NC Essential Science Standards: Chemistry


  1. Matter: Properties and Change

    Chm.1.1 — Analyze the structure of atoms and ions. 

    Chm.1.1.1 — Analyze the structure of atoms, isotopes and ions.

    Chm.1.1.2 — Analyze an atom in terms of the location of electrons. 

    Chm.1.1.3 — Explain the emission of electromagnetic radiation in spectral form in terms of the Bohr model.

    Chm.1.1.4 — Explain the process of radioactive decay using nuclear equations and half-life. 

    Chm.1.2 — Understand the bonding that occurs in simple compounds in terms of bond type, strength and properties. 

    Chm.1.2.1 — Compare (qualitatively) the relative strengths of ionic, covalent and metallic bonds. 

    Chm.1.2.2 — Infer the type of bond and chemical formula formed between atoms.

    Chm.1.2.3 — Compare inter- and intra- particle forces.

    Chm.1.2.4 — Interpret the name and formula of compounds using IUPAC convention. 

    Chm.1.2.5 — Compare the properties of ionic, covalent, metallic and network compounds. 

    Chm.1.3 — Understand the physical and chemical properties of atoms based on their position on the Periodic Table. 

    Chm.1.3.1 — Classify the components of a periodic table (period, group, metal, metalloid, nonmetal, transition).

    Chm.1.3.2 — Infer the physical properties (atomic radius, metallic and nonmetallic characteristics) of an element based on its position on the Periodic Table.

    Chm.1.3.3 — Infer the atomic size, reactivity, electronegativity and ionization energy of an element from its position on the Periodic Table.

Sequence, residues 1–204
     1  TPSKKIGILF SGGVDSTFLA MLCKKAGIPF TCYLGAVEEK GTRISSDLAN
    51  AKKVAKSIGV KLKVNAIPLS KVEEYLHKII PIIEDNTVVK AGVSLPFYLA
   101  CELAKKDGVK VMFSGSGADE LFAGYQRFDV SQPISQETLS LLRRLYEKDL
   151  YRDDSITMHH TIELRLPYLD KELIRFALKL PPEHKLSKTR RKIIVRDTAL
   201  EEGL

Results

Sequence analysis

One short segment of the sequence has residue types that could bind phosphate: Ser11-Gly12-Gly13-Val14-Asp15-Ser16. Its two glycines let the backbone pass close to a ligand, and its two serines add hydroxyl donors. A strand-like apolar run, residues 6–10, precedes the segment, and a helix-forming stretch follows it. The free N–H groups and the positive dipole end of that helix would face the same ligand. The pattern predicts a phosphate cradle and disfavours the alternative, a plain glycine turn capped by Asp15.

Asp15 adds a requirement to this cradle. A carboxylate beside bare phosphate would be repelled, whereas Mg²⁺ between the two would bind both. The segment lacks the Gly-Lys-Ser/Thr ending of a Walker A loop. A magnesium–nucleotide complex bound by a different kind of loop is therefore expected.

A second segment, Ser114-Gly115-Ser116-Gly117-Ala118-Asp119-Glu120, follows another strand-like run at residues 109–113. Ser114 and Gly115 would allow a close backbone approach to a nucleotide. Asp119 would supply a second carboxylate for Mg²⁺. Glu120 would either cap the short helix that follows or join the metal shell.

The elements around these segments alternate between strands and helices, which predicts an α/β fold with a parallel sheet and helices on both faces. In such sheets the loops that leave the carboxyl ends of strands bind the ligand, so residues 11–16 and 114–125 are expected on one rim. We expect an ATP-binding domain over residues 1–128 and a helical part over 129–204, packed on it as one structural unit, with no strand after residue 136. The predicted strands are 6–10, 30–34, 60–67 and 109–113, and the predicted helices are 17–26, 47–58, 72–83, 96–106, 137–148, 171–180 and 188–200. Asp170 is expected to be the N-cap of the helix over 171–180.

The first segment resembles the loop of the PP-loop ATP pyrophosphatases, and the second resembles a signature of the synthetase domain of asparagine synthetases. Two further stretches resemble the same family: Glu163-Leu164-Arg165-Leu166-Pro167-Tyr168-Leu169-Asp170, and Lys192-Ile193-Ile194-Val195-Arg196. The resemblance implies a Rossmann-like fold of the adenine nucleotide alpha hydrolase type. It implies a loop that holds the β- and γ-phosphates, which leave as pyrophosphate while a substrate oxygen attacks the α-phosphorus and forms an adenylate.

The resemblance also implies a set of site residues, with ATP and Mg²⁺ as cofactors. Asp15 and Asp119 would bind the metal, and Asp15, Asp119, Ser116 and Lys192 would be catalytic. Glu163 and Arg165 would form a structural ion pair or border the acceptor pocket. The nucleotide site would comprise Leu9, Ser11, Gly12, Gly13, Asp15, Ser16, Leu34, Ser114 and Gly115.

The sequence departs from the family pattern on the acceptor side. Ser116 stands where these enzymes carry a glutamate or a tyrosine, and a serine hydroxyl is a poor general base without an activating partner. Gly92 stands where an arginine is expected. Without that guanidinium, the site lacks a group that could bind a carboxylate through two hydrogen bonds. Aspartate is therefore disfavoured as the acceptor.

2. Conservation and Transfer

    Chm.2.1 — Understand the relationship among pressure, temperature, volume and phase. 

    Chm.2.1.1 — Explain the energetic nature of phase changes.

    Chm.2.1.2 — Explain heating and cooling curves (heat of fusion, heat of vaporization, specific heat, melting point and boiling point). 

    Chm.2.1.3 — Interpret the data presented in phase diagrams.

    Chm.2.1.4 — Infer simple calorimetric calculations based on the concepts of heat lost equals heat gained and specific heat.

    Chm.2.1.5 — Explain the relationships among pressure, temperature, volume and quantity of gas, both qualitative and quantitative. 

    Chm.2.2 — Analyze chemical reactions in terms of quantities, product formation and energy. 

    Chm.2.2.1 — Explain the energy content of a chemical reaction.

    Chm.2.2.2 — Analyze the evidence of chemical change.

    Chm.2.2.3 — Analyze the law of conservation of matter and how it applies to various types of chemical equations (synthesis, decomposition, single replacement, double replacement and combustion).

    Chm.2.2.4 — Analyze the stoichiometric relationships inherent in a chemical reaction.

    Chm.2.2.5 — Analyze quantitatively the composition of a substance (empirical formula, molecular formula, percent composition and hydrates). 

  3. Interaction of Energy and Matter

    Chm.3.1 — Understand the factors affecting rate of reaction and chemical equilibrium. 

    Chm.3.1.1 — Explain the factors that affect the rate of a reaction (temperature, concentration, particle size and presence of a catalyst). 

    Chm.3.1.2 — Explain the conditions of a system at equilibrium.

    Chm.3.1.3 — Infer the shift in equilibrium when a stress is applied to a chemical system (Le Chatelier’s Principle).

    Chm.3.2 — Understand solutions and the solution process. 

    Chm.3.2.1 — Classify substances using the hydronium and hydroxide concentrations.

    Chm.3.2.2 — Summarize the properties of acids and bases.

    Chm.3.2.3 — Infer the quantitative nature of a solution (molarity, dilution and titration with a 1:1 molar ratio). 

    Chm.3.2.4 — Summarize the properties of solutions.

    Chm.3.2.5 — Interpret solubility diagrams.

    Chm.3.2.6 — Explain the solution process.